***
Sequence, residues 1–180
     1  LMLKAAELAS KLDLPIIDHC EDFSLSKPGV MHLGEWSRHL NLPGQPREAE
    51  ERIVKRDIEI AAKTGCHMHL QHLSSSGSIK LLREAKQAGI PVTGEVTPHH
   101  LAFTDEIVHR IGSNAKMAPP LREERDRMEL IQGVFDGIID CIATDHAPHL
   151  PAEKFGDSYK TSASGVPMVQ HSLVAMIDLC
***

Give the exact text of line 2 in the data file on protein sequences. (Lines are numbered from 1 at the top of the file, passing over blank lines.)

     1  LMLKAAELAS KLDLPIIDHC EDFSLSKPGV MHLGEWSRHL NLPGQPREAE